Saturday, July 16, 2016

All About Mary

Every once in a while someone asks me how I found some information. That question came to me again recently and I wrote a rather lengthy reply to a newbie. My methods are not special, but they are deliberate. Today I share my single biggest secret.

A columnist -- online or paper -- once wrote that Ancestry is a scam. I wouldn't go that far, but it is important to know what they want from you: your data first and your money second. If you depend on their online service to store your family tree, they have achieved the first and are also doing well at keeping their hand in your pocket.

Web sites, not just Ancestry, want you to spend long periods of time on their sites. The longer you stay, the more ads you will see and the more money you will spend. So how do you spend less time at Ancestry and find more of what you are looking for? The strategy I'll show you also works for Family Search.

Where's Mary?

Last year I was searching for a woman named Mary Maddox Neff. I had last found her with her husband and children in the 1860 census in Pickaway County, Ohio. What happened to Mary Neff after 1860? Let's search both Ancestry and Family Search for this fairly common name.

Focus on Ancestry Categories

First let's do a wide-open search on Ancestry.

If you have not changed your default results method, this would be the view you get. 986 thousand results to dig through. I'd be on the Ancestry site the rest of my life looking for that 1870 census. Ka-ching!

Narrow the collection to United States only, since that is where Mary should be.

Now it's only 864 thousand results. I could continue to refine the filters, but there is a very fast way to focus. Choose Categories instead of Records at the top right. That's the trick. It's that simple.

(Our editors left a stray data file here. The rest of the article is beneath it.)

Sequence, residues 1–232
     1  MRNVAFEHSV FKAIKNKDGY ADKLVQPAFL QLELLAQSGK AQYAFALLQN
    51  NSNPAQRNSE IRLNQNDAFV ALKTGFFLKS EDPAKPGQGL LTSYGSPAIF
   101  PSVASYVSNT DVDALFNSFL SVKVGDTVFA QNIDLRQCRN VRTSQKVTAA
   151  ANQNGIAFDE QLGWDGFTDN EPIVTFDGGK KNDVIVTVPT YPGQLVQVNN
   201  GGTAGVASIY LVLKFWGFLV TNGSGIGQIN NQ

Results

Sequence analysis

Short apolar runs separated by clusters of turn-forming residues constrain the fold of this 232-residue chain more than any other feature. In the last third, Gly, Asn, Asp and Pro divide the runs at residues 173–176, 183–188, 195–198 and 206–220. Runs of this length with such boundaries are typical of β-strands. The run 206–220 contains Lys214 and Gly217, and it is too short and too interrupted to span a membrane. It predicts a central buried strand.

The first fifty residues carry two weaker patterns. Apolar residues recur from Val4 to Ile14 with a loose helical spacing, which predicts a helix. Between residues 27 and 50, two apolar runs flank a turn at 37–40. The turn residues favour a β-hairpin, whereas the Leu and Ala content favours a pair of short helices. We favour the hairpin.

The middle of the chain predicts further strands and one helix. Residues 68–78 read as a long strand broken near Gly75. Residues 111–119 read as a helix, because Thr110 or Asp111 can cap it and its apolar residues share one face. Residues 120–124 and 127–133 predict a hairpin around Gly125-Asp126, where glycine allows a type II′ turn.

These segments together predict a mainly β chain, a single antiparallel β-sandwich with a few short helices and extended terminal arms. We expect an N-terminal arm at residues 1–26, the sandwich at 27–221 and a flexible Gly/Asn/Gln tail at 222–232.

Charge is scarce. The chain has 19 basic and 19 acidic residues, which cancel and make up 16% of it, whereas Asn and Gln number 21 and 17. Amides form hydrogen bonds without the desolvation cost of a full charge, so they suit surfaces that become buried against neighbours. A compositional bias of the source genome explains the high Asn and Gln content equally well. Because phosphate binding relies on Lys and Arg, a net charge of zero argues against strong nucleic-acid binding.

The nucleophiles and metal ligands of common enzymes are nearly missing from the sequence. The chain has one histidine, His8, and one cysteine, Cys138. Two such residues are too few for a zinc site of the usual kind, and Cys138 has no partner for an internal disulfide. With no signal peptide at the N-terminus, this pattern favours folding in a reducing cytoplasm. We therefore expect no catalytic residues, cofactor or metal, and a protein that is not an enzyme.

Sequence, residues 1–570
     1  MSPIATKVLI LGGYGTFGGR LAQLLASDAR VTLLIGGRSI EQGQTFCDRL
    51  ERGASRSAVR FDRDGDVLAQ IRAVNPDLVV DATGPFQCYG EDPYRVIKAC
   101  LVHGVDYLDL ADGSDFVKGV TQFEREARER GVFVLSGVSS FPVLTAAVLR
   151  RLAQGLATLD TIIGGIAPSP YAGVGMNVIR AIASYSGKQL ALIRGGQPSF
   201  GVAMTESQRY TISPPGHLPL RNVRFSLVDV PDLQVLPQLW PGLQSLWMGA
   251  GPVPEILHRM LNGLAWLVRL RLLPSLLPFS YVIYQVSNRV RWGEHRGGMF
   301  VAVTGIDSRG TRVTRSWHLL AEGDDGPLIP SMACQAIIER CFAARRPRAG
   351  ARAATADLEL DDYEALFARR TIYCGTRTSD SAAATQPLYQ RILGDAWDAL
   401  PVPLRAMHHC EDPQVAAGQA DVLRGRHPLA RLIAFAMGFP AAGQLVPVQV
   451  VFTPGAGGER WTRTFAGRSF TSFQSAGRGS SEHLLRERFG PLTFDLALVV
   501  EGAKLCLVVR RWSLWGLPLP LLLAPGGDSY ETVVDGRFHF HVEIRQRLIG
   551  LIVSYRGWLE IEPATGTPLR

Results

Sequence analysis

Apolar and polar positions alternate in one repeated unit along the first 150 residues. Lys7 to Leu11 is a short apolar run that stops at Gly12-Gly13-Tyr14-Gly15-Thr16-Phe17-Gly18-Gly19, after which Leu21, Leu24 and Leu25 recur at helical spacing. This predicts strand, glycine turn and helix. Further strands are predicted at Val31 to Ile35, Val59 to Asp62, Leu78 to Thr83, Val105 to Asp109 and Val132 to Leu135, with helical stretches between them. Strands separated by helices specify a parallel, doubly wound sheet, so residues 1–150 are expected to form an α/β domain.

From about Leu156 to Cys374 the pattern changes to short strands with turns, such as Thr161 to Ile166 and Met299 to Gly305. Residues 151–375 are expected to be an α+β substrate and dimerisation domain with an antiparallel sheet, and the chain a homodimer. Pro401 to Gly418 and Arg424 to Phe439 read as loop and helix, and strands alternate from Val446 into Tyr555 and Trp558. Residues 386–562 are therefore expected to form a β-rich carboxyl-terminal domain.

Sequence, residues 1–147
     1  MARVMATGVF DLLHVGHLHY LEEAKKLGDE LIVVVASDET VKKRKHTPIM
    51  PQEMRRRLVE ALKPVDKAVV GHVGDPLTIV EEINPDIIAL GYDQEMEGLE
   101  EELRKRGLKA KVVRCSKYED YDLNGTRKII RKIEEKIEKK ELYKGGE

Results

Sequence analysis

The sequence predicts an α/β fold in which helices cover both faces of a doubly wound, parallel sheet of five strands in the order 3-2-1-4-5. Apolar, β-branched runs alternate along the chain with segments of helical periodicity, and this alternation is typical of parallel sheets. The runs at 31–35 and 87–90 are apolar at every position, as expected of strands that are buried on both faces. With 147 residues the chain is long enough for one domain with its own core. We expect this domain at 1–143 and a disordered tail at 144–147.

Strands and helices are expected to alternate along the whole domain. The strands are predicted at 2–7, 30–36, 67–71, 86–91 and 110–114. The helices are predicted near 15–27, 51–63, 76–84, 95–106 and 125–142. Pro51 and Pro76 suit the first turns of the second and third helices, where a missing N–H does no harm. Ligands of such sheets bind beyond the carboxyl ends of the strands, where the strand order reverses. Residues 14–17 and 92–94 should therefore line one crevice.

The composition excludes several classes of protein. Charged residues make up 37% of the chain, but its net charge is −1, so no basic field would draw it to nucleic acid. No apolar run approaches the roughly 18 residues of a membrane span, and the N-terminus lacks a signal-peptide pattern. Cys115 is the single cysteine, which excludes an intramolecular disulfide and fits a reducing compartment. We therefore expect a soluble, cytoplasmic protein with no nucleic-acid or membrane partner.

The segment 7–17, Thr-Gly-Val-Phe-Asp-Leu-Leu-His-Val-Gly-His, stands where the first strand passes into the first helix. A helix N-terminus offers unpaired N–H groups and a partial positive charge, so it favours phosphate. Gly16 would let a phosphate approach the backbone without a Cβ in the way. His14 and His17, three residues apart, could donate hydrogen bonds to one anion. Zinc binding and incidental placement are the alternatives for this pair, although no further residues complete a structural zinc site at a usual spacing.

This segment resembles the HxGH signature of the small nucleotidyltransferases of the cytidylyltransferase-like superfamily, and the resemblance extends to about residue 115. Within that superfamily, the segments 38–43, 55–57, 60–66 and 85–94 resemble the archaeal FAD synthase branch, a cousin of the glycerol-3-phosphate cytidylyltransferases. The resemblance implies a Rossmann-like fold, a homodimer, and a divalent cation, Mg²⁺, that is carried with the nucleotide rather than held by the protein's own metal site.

Notice that the matching result count went up to over one million. That's strange, but now I don't care because I am not going to look at those matches. Having selected Categories, now my results will always return as Categories and I don't have to switch it unless I'm feeling masochistic.

Next I have to think about what I need to find. In this case I want the 1870 census. So I would click into the line that says "See all 114,048 results" that is under Census & Voter Lists. The 1870 census will be in that list and I will select that census and start working with filters to find what I want.

The downside to this method is that you have to think about the records you need to search. The upside is you will get to know the record types and be able to get to what you want much more quickly. So in the long run there is no real downside. And Ancestry may not keep you spending money quite so long.

Focus on Family Search Collections


Family Search works in a similar way. First the wide-open search returns 61 thousand results. Even on a free site, that's far too many records to look at.

On Family Search, click on the word Collections at the top of the results to break the results down by

Again, looking for the 1870 census, I need to click on "Show All 101" after the heading that says Census & Lists.

I didn't find Mary Neff in the 1870 census by these methods alone, but that's a tale for another day.


  1. I have to say I knew about the Family Search Collections which is what I go to all the time. I did not know about the Ancestry Categories, why I have no clue. Will be changing for that next visit.

    1. Wow, Cheryl. I'm sorry -- I thought you knew this. I should have told you long ago.